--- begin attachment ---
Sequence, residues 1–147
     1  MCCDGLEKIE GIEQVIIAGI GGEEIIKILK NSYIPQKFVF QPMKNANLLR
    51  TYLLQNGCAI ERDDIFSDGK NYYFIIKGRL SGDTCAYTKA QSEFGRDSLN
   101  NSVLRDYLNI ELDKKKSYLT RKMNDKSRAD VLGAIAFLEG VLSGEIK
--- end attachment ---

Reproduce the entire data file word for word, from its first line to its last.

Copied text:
Sequence, residues 1–147
     1  MCCDGLEKIE GIEQVIIAGI GGEEIIKILK NSYIPQKFVF QPMKNANLLR
    51  TYLLQNGCAI ERDDIFSDGK NYYFIIKGRL SGDTCAYTKA QSEFGRDSLN
   101  NSVLRDYLNI ELDKKKSYLT RKMNDKSRAD VLGAIAFLEG VLSGEIK